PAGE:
Posts Tagged ‘Wound Care Documentation’

We’ve Always Done It This Way: Flagyl Crushing & Other Wound Care Bad Habits

Friday, June 23rd, 2017

Off-label drug use and questionable documentation are just two wound care bad habits that can get clinicians into trouble. Don’t just accept it because “We’ve Always Done It This Way” .

Wound Care Bad Habits



As clinicians, we use our knowledge, training and experience to find solutions and take care of patients in the best way possible. We learn about standards of care, scope of practice, and facility policies and procedures to guide our actions and care-giving.

There are several outdated common practices and treatments, however, that continue to surprise us. While there are plenty examples to talk about, let’s cover some of the issues most often brought to our attention.



Monday, January 18th, 2010

Wound Measurement

Wound Measurement

Wound Measurement and Documentation is a daily task the wound care professionals utilize in their practice. There are various tools like flow sheets, tracing materials, measuring tapes, skin markers, labels, and other products specifically designed for wound assessment, measurement and documentation.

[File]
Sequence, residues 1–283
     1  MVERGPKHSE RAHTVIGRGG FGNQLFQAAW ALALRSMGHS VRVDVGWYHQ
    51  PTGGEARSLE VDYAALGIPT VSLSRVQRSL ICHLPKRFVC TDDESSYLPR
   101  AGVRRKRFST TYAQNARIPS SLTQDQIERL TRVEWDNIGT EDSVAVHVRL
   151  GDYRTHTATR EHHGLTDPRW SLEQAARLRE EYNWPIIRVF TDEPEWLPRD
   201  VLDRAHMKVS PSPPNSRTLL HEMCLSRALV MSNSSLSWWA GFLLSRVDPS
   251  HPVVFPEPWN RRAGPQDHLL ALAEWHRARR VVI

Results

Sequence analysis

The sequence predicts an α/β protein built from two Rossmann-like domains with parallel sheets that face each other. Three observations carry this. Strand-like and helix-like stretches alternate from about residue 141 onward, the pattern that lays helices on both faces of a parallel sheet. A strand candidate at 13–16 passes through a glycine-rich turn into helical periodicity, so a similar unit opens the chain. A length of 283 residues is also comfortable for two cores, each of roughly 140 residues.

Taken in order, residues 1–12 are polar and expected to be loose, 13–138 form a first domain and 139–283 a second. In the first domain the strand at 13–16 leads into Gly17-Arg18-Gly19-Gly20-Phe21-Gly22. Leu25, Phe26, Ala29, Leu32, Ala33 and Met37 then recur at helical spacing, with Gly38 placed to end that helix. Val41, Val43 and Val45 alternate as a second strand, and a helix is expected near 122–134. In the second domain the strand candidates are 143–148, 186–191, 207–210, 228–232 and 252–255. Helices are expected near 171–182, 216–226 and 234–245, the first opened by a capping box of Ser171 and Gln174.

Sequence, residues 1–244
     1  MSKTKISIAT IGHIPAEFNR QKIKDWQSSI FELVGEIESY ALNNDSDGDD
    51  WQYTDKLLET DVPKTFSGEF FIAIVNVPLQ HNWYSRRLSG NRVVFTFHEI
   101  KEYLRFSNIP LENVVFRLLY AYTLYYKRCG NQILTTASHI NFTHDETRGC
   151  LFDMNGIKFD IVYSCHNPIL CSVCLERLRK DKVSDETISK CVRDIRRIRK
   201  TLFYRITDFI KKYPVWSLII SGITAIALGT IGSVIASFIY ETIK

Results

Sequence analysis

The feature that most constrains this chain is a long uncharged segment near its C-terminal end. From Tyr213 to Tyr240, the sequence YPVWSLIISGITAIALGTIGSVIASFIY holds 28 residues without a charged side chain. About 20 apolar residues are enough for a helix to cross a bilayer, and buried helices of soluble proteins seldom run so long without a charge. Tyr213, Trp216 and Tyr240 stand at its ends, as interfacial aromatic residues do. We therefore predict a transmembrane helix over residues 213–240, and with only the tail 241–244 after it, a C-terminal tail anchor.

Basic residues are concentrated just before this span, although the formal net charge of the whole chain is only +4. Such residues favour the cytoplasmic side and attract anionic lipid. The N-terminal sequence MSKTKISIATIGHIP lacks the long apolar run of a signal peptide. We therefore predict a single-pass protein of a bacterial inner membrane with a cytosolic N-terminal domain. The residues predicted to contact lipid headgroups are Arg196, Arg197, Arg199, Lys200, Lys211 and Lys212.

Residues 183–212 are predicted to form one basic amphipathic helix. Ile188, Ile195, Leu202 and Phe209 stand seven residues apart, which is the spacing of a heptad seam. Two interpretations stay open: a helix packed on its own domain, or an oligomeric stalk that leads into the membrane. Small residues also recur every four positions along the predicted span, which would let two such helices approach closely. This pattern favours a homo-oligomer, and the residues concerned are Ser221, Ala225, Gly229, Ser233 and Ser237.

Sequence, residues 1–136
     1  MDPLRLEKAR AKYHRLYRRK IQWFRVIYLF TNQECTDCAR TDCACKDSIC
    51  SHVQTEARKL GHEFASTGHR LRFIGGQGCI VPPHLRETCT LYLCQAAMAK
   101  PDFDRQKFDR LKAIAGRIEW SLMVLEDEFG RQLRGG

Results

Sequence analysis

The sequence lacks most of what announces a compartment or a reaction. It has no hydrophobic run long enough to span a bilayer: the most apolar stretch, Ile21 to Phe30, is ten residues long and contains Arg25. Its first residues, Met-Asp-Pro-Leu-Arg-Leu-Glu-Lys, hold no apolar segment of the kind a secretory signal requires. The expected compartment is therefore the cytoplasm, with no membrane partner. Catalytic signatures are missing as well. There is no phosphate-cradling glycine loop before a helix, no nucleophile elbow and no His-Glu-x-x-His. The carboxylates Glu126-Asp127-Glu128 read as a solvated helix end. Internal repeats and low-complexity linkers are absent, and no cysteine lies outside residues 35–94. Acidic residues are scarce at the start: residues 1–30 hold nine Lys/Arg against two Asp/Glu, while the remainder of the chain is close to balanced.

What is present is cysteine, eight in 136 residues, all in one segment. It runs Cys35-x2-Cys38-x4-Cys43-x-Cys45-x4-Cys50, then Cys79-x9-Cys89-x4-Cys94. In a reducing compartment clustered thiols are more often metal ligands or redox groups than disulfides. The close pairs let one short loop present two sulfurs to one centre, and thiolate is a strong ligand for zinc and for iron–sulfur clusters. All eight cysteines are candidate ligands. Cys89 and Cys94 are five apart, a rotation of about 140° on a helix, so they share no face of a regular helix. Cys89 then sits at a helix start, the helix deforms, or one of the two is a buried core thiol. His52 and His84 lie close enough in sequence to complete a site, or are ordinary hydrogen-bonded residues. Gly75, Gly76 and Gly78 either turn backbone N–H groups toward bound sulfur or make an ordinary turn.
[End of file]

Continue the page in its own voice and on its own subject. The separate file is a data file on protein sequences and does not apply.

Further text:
Measuring Guide

There are varying types of documentation methods  from print to electronic, digital photography to tracing. For example, tracings are used to measure the surface of a wound and provide a clear, visual picture of how a wound appears without the use of a camera. Some institutions prefer not to photography and tracing or measurement based documentation is preferred. Some Departments of Health require film based photography only and others are more accepting of Digital Photography.


Wound measurement tools are used to determine length, width, and depth. They are available in a wide variety of materials, including plastics, paper, or soft film and as single-patient use or reusable.

Kiss Healthcare

The use of wound measuring tools help documentation to be consistent and more exact in measuring the status of a wound as to whether it is progressing or regressing or remaining static. There is no question that documentation is a necessity. The more accurately we document, the better we can convey the understanding of what we are trying to relay to other health care professionals and readers of the patient’s chart.

So what kinds of measuring and documentation tools do you use in your wound care setting?

The Wound Care Education Institute will teach you how to accurately measure wounds in their Skin and Wound Management Course. Check out our list of dates and locations for more information about becoming Wound Care Certified